Those of you who know me well know that I love faith-based writing, and that I also enjoy flash fiction. Imagine my excitement when I discovered Christian Flash Weekly, a flash contest that uses a passage of Scripture for its weekly prompt in lieu of a photo! Competitors are given 500 words to craft a story based on the Scripture of the week. This is my first attempt at this, but I love the concept!
This Week’s Prompt:
They asked, and He brought quail,
And satisfied them with the bread of heaven.
He opened the rock and water flowed out;
It ran in the dry places like a river.
Hubble Directly Observes Planet Orbiting Fomalhaut. Hubble Telescope, November 13, 2008. (This Photo is in the Public Domain, courtesy of NASA and ESA.)
COURSE OBSTRUCTION DETECTED. HYPERSPACE ENGINES WILL FAIL IN ONE MINUTE.
Hazard lights blinked frantically on every panel as the Zion shuddered from the effects of its emergency deceleration. A violent jolt yanked Joel from sleep and sent him sprawling across the durasteel floor. He cursed, but his voice was lost as the crisis alarm screeched at an earsplitting pitch. The standard lighting must have flickered out, because the entire ship was bathed in the alarming red glow of the emergency generators.
COURSE OBSTRUCTION DETECTED. HYPERSPACE ENGINES WILL FAIL IN THIRTY SECONDS.
Joel leaped to his feet, crying in surprise as his feet left the ground. His stomach churned at the sudden plunge into weightlessness, and his head crashed against the low ceiling.
“Great,” he thought. “Just fantastic.”
Making it to the corridor, Joel gripped the side rails and heaved his weight toward the nose of the rickety old ship.
COURSE OBSTRUCTION DETECTED. HYPERSPACE ENGINES WILL FAIL IN TEN, NINE, EIGHT…
He reached the cockpit and used the launch restraints to lash himself into the pilot’s seat. His eyes flew across the winking flight screens, furiously trying to assess the problem.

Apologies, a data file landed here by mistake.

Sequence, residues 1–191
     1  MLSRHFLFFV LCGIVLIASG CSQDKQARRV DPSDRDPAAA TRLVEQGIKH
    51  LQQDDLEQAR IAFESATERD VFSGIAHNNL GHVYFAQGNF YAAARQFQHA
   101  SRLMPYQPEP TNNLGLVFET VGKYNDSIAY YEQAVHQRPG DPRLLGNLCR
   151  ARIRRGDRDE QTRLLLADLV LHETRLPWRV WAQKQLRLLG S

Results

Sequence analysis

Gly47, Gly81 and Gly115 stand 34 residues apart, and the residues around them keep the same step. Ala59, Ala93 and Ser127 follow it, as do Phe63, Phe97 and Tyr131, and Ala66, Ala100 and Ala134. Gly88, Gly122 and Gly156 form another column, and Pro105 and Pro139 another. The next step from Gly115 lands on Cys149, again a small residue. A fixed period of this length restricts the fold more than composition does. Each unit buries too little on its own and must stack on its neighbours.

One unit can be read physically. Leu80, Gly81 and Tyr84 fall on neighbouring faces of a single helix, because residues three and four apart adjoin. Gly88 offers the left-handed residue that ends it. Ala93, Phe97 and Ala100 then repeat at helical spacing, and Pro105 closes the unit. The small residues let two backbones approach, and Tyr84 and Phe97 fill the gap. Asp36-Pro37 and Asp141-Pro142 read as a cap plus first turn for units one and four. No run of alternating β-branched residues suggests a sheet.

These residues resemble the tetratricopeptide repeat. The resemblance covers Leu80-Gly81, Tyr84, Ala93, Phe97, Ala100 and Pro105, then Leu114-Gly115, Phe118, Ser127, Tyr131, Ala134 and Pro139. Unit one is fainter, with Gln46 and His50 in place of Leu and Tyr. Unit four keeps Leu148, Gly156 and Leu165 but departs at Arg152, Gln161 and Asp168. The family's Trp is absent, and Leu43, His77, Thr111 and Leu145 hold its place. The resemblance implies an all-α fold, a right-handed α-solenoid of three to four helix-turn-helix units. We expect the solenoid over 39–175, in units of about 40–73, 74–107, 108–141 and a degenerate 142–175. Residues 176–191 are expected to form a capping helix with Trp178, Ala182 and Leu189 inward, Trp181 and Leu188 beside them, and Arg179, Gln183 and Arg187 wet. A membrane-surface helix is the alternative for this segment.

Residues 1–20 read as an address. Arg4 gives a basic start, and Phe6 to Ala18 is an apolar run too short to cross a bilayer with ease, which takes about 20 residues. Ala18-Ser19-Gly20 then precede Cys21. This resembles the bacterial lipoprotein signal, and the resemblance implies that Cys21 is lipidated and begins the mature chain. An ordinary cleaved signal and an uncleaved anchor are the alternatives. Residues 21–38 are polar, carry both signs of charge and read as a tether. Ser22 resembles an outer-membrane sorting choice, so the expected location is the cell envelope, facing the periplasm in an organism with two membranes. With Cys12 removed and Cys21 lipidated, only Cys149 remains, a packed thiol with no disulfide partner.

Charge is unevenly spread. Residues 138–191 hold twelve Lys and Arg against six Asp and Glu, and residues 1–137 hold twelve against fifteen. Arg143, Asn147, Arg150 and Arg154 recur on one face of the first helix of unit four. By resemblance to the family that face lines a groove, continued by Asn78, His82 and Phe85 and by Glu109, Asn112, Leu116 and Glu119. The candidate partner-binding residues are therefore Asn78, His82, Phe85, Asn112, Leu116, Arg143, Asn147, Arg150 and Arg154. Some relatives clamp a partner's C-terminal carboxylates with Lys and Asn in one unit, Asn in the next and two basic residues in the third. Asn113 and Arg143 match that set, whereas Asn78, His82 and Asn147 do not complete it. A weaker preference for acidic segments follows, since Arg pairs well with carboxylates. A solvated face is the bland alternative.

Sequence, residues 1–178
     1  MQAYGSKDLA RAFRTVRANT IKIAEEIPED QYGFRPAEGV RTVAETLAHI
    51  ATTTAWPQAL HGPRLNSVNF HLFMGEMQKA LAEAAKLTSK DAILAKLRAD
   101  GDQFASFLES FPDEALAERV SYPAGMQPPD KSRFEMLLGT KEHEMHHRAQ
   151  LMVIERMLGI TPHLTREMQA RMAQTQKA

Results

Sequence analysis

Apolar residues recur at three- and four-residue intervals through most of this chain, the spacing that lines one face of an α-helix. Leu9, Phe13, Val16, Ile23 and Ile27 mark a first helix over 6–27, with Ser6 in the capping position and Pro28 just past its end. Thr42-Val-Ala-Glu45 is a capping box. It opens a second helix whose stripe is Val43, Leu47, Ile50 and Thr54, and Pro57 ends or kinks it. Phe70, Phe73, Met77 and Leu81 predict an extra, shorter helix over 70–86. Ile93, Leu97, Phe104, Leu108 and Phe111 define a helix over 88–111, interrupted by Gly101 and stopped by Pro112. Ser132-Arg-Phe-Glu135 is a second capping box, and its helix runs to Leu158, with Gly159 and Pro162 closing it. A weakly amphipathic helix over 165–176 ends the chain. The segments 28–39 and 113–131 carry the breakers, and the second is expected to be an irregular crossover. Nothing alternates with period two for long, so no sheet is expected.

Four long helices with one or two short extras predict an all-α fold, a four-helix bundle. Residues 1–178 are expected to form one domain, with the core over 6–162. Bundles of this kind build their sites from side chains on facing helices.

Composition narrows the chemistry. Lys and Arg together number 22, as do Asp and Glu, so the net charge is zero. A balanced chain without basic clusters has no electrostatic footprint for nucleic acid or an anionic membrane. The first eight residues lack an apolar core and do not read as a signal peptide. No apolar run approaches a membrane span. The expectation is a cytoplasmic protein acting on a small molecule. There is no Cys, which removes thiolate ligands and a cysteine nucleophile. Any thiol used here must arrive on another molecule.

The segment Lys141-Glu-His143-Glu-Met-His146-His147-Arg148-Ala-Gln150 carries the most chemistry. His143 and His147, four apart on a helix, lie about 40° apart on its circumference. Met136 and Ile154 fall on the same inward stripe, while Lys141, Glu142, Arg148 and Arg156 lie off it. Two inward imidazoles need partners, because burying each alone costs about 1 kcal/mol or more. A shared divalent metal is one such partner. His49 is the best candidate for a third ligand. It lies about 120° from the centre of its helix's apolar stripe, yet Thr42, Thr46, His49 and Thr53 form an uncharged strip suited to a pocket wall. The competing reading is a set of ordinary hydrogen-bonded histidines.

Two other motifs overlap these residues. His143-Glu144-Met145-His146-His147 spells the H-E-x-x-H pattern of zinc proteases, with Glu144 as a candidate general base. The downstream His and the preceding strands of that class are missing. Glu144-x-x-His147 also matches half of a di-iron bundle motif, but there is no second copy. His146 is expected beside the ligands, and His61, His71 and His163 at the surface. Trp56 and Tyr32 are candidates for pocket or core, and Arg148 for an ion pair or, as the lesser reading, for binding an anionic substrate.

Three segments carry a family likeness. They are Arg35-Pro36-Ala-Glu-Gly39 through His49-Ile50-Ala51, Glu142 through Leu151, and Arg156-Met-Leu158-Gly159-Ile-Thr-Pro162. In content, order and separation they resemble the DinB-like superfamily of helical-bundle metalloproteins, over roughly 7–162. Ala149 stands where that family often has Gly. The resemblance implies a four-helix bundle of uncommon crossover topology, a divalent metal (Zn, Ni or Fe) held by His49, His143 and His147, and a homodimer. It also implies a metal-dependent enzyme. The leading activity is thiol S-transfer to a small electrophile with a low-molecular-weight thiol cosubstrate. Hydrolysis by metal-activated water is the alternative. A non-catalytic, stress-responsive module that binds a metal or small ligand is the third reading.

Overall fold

Then he was out of time. The Zion groaned in loud protest as it lurched out of light speed, and panic seized Joel’s chest as he glanced through the view shield.
They had dropped into a wild orbit, caught in a large planet’s gravitational pull. Almost immediately, the ship started shaking violently as they were thrust into the atmosphere. Joel slammed his fist against the controls with a frustrated shout.
“Calm down,” a quiet voice spoke. “The LORD will help us.”
Joel whirled to see Gram belted into the co-pilot’s chair, clutching a Star of David with head bowed in prayer.
“Why are you just sitting there?” Joel cried. “I need your help, Gram!”
“I am helping,” she said calmly.
Exasperated, Joel gripped the navigational controls and fought to ease their descent. He grimaced from the strain, and could no longer tame his anger.
“Where was your God when we were forced from our home, Gram? From our planet?”
Gram opened her grey eyes. “He’s been here all along,” she said soothingly. “Who do you think helped us find that fueling station?”
“I did!” Joel began, then gasped as the ship made impact with the ground.
The alarms silenced, and the view shield was covered with dust. After a long moment, Joel ran a diagnostic report.
“We’re stuck here, Gram,” he whispered. “On a dry world with no water. Is this in God’s plan, too?”
“He’ll give us rain,” she said simply. “Have faith.”
Joel felt exhaustion overtake him. He sagged in his seat. Should he even bother trying to explain
“It won’t rain, Gram,” he was resolute. “The environment’s not right for that. I’m sorry –“
His voice broke off as glistening water droplets began pelting the view shield, transforming the dry dust into small brown rivulets.
Joel was speechless, but Gram was not.
“We’re home,” she told him.